Prof. Eli Waksman, who heads an expert team advising the National Security Council (NSC) and the government regarding the coronavirus outbreak, lamented on Thursday what he saw as time-wasting conduct in the authorities' response to the epidemic.
"We could have acted back in March. We've wasted our time by not building a relevant body to handle this at the Health Ministry," Waksman told Ynet.
"The responsibility for this falls on the shoulders of several bodies, including the Public Health Services, which was in charge of managing the pandemic and impeded the creation of the necessary departments," he said.
"Unless an effective control center is set up, we will find ourselves in the midst of a very big crisis." Waksman said.
"Israel must act. I am sure that if such a body is established and given every authorization to operate - we will reduce the number of new patients again, as we have seen before."
Waksman also claimed that Israel has lost control over the pandemic due to ill-prepared containment apparatus and may soon have to resort back to preventive action on a national scale.
"Our ability to contain local outbreaks is non-existent, which means we'll have to reimpose nationwide social distancing measures to suppress the spread of the epidemic," Waksman said.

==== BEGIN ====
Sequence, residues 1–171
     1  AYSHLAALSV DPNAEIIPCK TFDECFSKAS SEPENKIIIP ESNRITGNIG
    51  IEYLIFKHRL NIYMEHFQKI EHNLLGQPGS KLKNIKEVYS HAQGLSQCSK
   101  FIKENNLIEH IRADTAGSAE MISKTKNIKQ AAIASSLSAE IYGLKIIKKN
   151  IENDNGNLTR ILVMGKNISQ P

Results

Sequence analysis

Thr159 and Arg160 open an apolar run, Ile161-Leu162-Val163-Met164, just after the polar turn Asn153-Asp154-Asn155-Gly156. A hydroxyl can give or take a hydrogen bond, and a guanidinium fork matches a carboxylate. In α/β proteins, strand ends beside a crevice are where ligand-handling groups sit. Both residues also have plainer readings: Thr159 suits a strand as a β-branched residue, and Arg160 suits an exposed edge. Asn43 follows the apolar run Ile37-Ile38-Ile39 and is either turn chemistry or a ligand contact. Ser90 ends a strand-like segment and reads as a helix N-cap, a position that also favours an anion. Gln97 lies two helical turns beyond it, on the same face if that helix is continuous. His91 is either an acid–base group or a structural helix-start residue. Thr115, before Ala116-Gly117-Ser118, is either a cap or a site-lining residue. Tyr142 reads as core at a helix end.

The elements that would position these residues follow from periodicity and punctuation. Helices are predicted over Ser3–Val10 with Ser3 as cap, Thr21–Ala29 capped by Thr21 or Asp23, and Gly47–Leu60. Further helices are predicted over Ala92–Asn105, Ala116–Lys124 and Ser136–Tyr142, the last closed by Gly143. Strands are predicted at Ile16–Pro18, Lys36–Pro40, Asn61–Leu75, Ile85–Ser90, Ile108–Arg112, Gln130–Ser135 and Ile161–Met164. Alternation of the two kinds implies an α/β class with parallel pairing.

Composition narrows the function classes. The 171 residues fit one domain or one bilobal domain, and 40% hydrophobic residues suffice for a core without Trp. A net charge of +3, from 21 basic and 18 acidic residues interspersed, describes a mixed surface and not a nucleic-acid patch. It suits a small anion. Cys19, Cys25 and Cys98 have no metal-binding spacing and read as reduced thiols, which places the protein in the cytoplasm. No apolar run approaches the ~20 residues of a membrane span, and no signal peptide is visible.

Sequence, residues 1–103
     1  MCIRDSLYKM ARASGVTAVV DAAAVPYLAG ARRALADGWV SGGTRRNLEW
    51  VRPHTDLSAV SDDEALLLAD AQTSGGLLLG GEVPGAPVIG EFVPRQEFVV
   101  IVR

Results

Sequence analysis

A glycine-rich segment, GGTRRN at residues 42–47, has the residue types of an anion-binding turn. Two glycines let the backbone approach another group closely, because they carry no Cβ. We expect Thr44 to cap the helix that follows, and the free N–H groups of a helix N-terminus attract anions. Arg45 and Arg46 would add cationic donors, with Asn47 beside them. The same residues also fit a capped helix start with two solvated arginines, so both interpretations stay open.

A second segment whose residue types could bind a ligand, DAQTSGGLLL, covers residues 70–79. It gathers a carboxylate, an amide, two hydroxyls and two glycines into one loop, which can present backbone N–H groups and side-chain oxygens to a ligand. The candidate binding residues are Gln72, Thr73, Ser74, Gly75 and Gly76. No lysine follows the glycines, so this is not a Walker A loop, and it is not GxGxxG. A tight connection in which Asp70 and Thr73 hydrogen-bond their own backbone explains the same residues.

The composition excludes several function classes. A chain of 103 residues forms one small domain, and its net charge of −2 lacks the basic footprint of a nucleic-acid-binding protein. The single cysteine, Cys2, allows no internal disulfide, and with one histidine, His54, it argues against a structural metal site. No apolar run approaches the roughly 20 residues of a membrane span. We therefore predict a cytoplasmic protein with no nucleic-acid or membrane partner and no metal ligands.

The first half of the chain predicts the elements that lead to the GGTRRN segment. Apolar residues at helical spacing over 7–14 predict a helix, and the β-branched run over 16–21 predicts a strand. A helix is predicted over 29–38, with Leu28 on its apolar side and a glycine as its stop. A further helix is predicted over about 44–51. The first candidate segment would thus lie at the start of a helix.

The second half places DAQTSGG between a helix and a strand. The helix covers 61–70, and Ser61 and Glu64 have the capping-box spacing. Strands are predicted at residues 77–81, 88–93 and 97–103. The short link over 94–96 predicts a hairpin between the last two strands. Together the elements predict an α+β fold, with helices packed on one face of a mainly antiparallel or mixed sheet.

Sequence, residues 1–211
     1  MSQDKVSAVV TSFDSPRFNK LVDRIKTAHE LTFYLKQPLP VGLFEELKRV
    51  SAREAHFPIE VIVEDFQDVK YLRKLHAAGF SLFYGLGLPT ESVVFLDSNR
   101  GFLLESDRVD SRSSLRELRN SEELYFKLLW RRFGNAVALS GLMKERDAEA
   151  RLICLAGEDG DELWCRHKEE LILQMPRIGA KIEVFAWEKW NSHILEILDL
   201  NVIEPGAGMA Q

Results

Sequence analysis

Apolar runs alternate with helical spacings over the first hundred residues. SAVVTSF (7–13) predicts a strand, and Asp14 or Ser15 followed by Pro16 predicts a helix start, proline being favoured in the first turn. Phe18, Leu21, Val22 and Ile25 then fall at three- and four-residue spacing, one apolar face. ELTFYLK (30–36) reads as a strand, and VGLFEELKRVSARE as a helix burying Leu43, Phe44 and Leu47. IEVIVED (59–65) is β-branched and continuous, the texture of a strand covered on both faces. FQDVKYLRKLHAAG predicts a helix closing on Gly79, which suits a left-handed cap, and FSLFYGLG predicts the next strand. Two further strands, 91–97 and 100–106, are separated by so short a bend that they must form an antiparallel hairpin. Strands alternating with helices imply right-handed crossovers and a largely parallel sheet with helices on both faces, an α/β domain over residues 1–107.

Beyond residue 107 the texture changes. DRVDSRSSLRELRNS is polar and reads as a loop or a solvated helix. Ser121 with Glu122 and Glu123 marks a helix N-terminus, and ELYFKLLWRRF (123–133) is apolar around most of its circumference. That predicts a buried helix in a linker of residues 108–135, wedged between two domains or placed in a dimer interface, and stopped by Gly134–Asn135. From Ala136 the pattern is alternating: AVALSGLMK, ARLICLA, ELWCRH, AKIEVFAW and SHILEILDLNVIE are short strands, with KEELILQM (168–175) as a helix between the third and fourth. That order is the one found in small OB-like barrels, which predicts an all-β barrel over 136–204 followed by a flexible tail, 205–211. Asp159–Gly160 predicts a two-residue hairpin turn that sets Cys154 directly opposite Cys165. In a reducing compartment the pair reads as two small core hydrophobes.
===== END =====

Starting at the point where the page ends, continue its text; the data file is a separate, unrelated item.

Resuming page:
According to Waksman, although the virus spread much faster during Israel's first wave of infections, if the government failed to implement new policies in the coming days, the country's entire intensive care apparatus will be in immediate danger of collapse.
"When we reach 600-900 patients in need of intensive care, the system will struggle to treat them all. The steps taken by the government on Monday, imposing social distancing restrictions mainly directed at social and leisure activities are important steps and may well suppress the current outbreak," he said.
"The epidemic has spread across the entire country," the professor said. "It is no longer concentrated in specific areas and so focusing on certain areas won’t solve the problem. We must implement nationwide measures.
"In our current situation, testing and isolation alone won’t stop the spread, the national measures to reduce the infection rate by reducing the amount of contact should be the focus of attention."